Fishery Notice

ABORIGINAL - General Information
COMMERCIAL - Salmon: Gill Net
COMMERCIAL - Salmon: Seine
COMMERCIAL - Salmon: Troll
FN0871-Salmon - Fraser River Sockeye and Pink Update - Areas 11 to 29 - August 28, 2017

The Fraser River Panel met on Monday, August 28, 2017 to receive an update on 
the migration of the Fraser sockeye and pink runs to date and review the status 
of migration conditions in the Fraser River watershed.	

Test fishery sockeye catches have increased slightly in the Area 12 purse seine 
test fishery while Area 20 catches have continued to decline in recent days. 
The in-river gill net test fishery sockeye catches have fluctuated somewhat but 
have been on a declining trajectory. Based on the purse seine test catches in 
the two approach areas the projected sockeye diversion rate through Johnstone 
Strait has increased to 86% compared to the pre-season forecast of 51%.

The most recent DNA samples taken in the marine purse seine test fisheries show 
sockeye stock compositions in Area 20 of approximately 1% Early Summer, 53% 
Summer and 45% Late run stocks. In Area 12, the purse seine stock composition 
was 1% Early Summer, 62% Summer and 37% Late run stocks. The decrease in 
proportion of Early Summer run stocks combined with the increase in the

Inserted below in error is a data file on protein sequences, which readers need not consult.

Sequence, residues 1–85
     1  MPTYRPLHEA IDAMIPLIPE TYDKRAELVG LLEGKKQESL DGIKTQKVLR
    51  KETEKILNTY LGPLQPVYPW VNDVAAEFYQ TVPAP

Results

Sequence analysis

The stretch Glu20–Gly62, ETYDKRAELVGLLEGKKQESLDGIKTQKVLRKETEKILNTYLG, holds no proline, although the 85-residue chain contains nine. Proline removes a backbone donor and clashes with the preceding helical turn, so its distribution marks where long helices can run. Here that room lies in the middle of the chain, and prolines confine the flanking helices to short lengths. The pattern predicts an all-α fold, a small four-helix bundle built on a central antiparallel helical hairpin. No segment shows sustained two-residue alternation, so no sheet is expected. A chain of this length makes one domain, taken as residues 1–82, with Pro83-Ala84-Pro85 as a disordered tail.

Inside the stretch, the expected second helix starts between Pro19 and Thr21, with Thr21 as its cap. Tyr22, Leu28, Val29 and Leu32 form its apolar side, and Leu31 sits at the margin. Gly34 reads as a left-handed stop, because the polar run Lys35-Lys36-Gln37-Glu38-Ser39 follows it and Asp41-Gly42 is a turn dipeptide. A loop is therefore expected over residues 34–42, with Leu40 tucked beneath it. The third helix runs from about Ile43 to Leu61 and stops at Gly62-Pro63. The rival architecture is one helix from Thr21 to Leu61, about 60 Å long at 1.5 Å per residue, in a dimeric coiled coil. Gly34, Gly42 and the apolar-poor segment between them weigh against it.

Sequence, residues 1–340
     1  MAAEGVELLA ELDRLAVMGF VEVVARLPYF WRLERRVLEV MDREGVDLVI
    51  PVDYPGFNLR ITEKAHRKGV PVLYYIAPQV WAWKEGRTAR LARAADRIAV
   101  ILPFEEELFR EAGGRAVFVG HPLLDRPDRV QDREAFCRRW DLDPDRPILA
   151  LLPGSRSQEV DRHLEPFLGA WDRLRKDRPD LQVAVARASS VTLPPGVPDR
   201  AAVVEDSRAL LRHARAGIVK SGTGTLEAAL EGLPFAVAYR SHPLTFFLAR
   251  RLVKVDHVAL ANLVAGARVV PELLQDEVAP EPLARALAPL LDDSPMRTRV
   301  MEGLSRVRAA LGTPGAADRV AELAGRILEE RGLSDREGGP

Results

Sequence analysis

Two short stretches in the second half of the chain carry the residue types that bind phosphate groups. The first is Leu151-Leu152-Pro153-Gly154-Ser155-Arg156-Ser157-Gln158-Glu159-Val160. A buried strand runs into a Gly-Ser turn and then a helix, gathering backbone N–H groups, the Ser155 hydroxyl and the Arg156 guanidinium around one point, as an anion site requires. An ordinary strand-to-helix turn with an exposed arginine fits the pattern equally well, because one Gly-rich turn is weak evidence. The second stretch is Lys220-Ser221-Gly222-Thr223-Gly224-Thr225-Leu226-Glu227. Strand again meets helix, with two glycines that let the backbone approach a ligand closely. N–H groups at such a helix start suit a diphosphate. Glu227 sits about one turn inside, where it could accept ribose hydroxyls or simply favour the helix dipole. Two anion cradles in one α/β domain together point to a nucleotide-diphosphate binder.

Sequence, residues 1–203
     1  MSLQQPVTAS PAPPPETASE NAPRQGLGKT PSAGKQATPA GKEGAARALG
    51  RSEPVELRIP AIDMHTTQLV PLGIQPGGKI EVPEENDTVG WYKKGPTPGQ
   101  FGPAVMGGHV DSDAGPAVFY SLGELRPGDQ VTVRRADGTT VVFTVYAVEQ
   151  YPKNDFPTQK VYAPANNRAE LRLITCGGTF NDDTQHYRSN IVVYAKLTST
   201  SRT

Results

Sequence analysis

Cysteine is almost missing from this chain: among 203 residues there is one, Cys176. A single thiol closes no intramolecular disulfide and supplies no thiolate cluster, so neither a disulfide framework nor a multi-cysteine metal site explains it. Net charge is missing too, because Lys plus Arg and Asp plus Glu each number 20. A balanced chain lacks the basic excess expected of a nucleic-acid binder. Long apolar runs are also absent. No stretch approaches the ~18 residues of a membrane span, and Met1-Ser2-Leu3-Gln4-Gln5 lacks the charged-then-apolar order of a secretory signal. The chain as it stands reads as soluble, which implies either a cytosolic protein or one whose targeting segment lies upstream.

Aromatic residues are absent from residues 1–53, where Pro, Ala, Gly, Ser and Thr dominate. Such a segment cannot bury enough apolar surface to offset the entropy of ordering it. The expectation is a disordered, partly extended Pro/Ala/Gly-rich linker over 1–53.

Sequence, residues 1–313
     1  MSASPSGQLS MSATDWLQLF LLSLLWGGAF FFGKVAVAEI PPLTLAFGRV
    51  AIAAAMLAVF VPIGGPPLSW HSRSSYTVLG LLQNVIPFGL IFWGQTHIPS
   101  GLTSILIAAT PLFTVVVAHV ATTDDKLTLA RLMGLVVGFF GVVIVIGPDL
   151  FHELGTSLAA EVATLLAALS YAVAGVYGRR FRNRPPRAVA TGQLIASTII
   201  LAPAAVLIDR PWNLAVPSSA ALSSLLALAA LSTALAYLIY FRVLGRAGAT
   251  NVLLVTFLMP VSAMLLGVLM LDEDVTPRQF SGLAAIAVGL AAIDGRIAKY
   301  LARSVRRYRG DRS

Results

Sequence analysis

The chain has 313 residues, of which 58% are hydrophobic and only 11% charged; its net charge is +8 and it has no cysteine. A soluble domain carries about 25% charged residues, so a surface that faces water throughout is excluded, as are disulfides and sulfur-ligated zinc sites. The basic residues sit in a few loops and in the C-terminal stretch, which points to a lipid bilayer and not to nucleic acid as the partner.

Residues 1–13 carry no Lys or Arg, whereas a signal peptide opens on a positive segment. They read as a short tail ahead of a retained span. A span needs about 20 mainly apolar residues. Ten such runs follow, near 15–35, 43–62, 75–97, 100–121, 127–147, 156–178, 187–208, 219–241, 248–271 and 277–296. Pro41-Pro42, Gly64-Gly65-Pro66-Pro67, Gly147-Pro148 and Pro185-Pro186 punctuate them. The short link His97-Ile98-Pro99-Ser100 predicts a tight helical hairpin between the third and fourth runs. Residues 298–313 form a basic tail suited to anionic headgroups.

proportion of Late run stocks is consistent with current run timing 
assumptions. The most recent in-river stock identification samples from the 
Whonnock test fishery are showing stock proportions of 7% Early Summer, 89% 
Summer and 4% Late run stocks. The drop in the proportion of Late run stocks in 
recent samples is suggesting that some late run fish may be holding off the 
river, which would be consistent with pre-1996 behavior. 

Daily sockeye escapement estimates are now being generated based on the 
Whonnock gill net test fishery catch per unit effort information as pink salmon 
abundance is causing issues with Mission based estimates.  Daily sockeye 
estimates during the past 4 days have ranged between 23,200 and 27,000.  The 
total estimated sockeye escapement as of August 27 is 1,176,200. Hell's Gate 
observations have declined since August 23 when 15,980 sockeye were counted 
through the fishways. 

During the Fraser Panel call today no changes were made to the run size for any 
sockeye run timing groups.  At the current run size for Early Summer, Summer